You are viewing this article in the archives. For the latest breaking news and updates in Ann Arbor and the surrounding area, see
Posted on Mon, Jun 6, 2011 : 5:56 a.m.

Ann Arbor City Council to talk about Stadium bridges, Village Green, utility rate increase

By Ryan J. Stanton

After approving the city's 2011-12 budget last week, the Ann Arbor City Council meets again tonight to consider several items ranging from a $75,000 project to add wireless Internet capabilities inside city hall to a new design review process for downtown developments.

The council also is being asked to approve utility rate increases expected to generate $1.7 million in additional revenue in the coming fiscal year and a $1.1 million contract amendment related to the Ann Arbor Municipal Center project.

Other items on the agenda include a $2.4 million contract amendment related to upgrades being done at the city's Wastewater Treatment Plant, nearly $50,000 for new drinking fountains throughout the city and a $30,000-plus purchase of new equipment for CTN.

The council also will discuss the Village Green project, Stadium bridges, medical marijuana, and a $35,830 contract with a consultant to assist with promotions in the police department.

The meeting starts at 7 p.m. inside city hall, 301 E. Huron St.

Utility rate increases

The council is being asked to approve increases in water, sewer and stormwater utility rates in order to finance capital improvements in all three systems.

The changes, which take effect July 1, will provide revenue increases of 3.36 percent in water, 4 percent in sewer and 3.35 percent in stormwater.

In terms of dollars, that's projected to increase revenues in water, sewer and stormwater by $664,993, $829,481 and $176,915, respectively.

City officials say the impact of the increases on a typical residential customer is $18.92 per year, a net increase of 3.2 percent.

The typical single-family bill assumes 21 units of water usage per quarter, is in the second tier for stormwater and receives a 10 percent discount for payment on or before the due date.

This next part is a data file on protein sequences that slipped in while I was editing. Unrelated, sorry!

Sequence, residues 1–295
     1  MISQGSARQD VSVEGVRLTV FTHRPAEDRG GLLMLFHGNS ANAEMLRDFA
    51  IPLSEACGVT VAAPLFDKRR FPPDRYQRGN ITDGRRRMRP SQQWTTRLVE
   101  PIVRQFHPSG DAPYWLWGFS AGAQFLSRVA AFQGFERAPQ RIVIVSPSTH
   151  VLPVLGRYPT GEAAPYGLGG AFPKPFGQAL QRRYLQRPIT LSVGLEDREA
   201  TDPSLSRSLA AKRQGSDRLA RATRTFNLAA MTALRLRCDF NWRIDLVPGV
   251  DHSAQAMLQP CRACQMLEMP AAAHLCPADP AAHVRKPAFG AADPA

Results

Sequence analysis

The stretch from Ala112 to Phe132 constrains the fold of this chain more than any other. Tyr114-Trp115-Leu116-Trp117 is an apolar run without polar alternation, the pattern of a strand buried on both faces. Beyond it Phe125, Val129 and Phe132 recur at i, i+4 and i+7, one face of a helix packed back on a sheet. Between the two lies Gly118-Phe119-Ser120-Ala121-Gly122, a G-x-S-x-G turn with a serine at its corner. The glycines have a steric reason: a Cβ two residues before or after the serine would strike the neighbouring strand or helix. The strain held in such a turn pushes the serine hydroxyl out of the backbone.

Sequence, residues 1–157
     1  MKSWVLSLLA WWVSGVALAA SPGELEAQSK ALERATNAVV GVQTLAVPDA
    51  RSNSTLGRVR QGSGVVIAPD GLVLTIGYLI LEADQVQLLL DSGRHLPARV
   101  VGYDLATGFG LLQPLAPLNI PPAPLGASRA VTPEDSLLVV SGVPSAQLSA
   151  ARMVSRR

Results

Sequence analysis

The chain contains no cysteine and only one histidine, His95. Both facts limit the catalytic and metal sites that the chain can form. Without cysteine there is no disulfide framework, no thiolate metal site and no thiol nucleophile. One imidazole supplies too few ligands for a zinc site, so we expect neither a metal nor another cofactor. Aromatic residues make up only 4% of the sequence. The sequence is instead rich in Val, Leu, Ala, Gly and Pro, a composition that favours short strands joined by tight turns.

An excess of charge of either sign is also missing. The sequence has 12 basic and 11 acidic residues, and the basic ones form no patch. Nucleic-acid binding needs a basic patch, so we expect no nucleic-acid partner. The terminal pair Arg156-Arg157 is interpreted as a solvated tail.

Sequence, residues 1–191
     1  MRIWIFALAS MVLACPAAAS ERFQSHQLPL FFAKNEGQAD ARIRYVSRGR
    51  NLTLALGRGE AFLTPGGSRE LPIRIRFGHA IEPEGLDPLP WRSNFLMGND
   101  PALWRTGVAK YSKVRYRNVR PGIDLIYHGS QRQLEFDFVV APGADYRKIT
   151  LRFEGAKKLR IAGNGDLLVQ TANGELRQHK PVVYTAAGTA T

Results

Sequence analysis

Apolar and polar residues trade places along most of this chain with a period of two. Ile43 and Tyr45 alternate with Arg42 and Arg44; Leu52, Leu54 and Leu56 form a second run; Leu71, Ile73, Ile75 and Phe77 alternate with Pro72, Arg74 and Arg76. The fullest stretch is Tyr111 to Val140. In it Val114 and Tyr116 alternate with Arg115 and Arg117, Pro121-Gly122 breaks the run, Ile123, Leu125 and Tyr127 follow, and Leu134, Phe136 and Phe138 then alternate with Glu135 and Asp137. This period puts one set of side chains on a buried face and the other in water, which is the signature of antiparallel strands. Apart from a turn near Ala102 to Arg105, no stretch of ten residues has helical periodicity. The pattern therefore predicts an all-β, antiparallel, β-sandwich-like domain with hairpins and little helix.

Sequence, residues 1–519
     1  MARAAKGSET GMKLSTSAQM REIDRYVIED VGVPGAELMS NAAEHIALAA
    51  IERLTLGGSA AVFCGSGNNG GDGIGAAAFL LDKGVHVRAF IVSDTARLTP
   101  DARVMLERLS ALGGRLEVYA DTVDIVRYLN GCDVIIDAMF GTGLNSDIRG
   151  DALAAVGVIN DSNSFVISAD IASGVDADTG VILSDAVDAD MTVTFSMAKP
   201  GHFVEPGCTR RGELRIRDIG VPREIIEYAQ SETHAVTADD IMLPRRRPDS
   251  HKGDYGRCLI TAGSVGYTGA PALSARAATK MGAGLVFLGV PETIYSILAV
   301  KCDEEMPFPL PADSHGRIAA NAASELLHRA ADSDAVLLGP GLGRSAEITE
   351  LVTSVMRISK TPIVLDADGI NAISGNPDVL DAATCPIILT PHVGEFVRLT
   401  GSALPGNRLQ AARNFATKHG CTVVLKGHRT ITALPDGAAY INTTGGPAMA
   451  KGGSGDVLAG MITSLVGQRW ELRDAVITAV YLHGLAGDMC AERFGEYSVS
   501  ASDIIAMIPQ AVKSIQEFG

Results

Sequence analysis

Wastewater Treatment Plant upgrades

The council is being asked to approve a $2.4 million contract amendment with environmental consultant Malcolm Pirnie Inc. for engineering design services and bid work on the city's Wastewater Treatment Plant facilities renovation project.

The city is following through with renovations identified in the Wastewater Treatment Plant's Facilities Master Plan, a 25-year planning document.


The Ann Arbor Wastewater Treatment Plant at 49 South Dixboro Road.

Photo courtesy of City of Ann Arbor

The west portion of the plant was constructed in the 1930s and the east portion came in the late 1970s. The west portion was taken out of service in 2006 due to its dilapidated condition, and its replacement is seen as necessary to meet current and future wastewater treatment needs.

In addition to the complete demolition and replacement of the west portion, the project includes other renovations and improvements throughout the plant. Malcolm Pirnie Inc. is producing final bid drawings and specifications for securing permits and soliciting bids from contractors.

In March 2005, the City Council approved an original $3 million contract with Malcolm Pirnie Inc. for various services related to the project, including evaluation of alternatives, site assessments, utility investigation and preliminary design and bidding support services.

In June 2006, the council approved a $427,831 amendment to the contract for engineering services to evaluate and develop conceptual plans, among other duties.

In February 2008, the council approved a second amendment for $2.7 million worth of engineering services to complete the design of alternatives and various renovations.

In November 2008, the council approved a third amendment for $244,040 worth of engineering services to assist in the preparation and submittal of an application to the Federal Emergency Management Agency for improvements to the earthen embankment that protects the plant site from the Huron River and Fleming Creek floodwaters.

The latest amendment being voted on involves completing the design, securing the necessary regulatory permits and applying to the Michigan Department of Environmental Quality for low-interest loans from its 2012 State Revolving Fund Program.

Construction of the project will take place over five fiscal years and is estimated to cost $80 million. Including the latest amendment to the contract with Malcolm Pirnie Inc., the total costs for design engineering services is $8.8 million.

Municipal Center project

The council is being asked to approve a $1.1 million amendment to the contract with Clark Construction Co., the construction manager on the Ann Arbor Municipal Center project.

That breaks down to $693,327 for security upgrades and $397,884 for audio/visual equipment that was not included in the original contract with Clark Construction.

City officials say funding was budgeted in the 2010-11 general fund operating budget to cover the costs of those items. With the amendment, the total value of the Clark Construction contract will be $39.3 million, said Matt Kulhanek, the city's fleet and facilities manager.

Medical marijuana ordinances

The council is expected to resume consideration of two separate zoning and licensing ordinances that aim to regulate medical marijuana businesses in Ann Arbor. The council tweaked some of the wording last month but postponed making any decisions until tonight.